By Ulf Laessing and Rania El Gamal
Finance minister says economy achieved growth no less than 2006 level of 6.3% on record oil prices.
Kuwait's economy is continuing to grow at levels achieved in 2006, buoyed by high oil prices and gains on foreign investments, the Gulf state's finance minister said in comments to parliament.
The economy of the world's seventh-largest oil exporter expanded at 6.3 percent in real terms in 2006, the latest-available GDP growth figure released by the central bank.
"Despite fluctuations in local and regional financial markets during the past fiscal year, the Kuwaiti economy achieved economic growth rates not less than what was achieved in 2006," Mustapha Al-Shamali said in a report presented to parliament last month.
"Rising oil prices and higher returns from foreign investments" were driving growth, Al-Shamali said in the report, a copy of which was obtained by newswire Reuters.
As oil prices surged seven-fold since 2002, and a more than doubled in the last year, economies across the world's biggest oil-exporting region have soared.
The rapid economic growth and the US dollar's decline on global markets have contributed to inflation hitting record and near-record peaks across the region.
In the documents presented to parliament, the finance minister said the weak dollar was contributing to inflation in Kuwait, which hit a record 10.1 percent in February, the latest published figure.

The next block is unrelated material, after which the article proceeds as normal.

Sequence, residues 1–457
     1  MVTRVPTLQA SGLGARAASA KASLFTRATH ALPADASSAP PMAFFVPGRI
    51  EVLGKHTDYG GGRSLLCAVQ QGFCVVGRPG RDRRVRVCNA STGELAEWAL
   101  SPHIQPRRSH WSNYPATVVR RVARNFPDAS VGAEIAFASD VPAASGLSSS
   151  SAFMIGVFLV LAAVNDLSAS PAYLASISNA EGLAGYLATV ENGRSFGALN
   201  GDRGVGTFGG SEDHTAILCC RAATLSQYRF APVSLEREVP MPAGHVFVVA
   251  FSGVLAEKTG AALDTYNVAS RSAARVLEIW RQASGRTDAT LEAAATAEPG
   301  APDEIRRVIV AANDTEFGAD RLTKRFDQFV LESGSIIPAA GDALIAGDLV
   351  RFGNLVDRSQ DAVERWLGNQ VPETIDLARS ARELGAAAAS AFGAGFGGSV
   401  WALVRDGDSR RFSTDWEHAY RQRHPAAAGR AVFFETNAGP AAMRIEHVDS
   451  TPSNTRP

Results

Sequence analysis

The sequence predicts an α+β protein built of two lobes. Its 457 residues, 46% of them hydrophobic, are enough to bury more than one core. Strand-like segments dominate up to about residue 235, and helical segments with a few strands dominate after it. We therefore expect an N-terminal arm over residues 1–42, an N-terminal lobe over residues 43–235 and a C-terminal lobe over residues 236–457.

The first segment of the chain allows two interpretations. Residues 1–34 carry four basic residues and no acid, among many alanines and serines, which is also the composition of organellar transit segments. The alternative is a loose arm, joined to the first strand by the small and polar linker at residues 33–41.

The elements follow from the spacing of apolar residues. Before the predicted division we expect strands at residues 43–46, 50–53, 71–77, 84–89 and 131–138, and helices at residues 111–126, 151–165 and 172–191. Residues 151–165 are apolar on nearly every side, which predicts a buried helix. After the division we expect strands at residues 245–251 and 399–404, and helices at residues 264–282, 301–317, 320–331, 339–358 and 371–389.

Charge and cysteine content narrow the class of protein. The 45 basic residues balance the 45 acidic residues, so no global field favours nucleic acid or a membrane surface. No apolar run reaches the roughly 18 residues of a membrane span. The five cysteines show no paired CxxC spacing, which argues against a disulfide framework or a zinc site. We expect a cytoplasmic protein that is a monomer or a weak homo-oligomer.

The OPEC oil producer severed its link to the US currency in May 2007 and started tracking its dinar against a basket of currencies partly to slow down imported inflation as the greenback tumbled on global markets.
But it continues to track its dinar against a basket comprised mainly of dollars.
"We should not neglect that the decline in the dollar's exchange rate versus the dinar could lead to an increase in the level of prices locally. This is a factor that might negatively affect the purchasing power," Al-Shamali said in the report.
Al-Shamali said Kuwait's economy should reduce its dependence on oil exports, which make up more than 90 percent of revenues, as well as income from foreign investments.
"The two sources are not stable," Al-Shamali said.
The minister warned that subsidies designed to offset the impact of inflation on Kuwaitis were a "great burden" on the budget, and said it is necessary to undertake reforms and diversify the economy.
Last month, parliament passed a bill to increase salaries for the national workforce by 50 dinars ($188.8).
The government also approved a plan to raise to 500 million dinars, from 300 million dinars previously, the size of a fund to help Kuwaitis repay personal debts. (Reuters)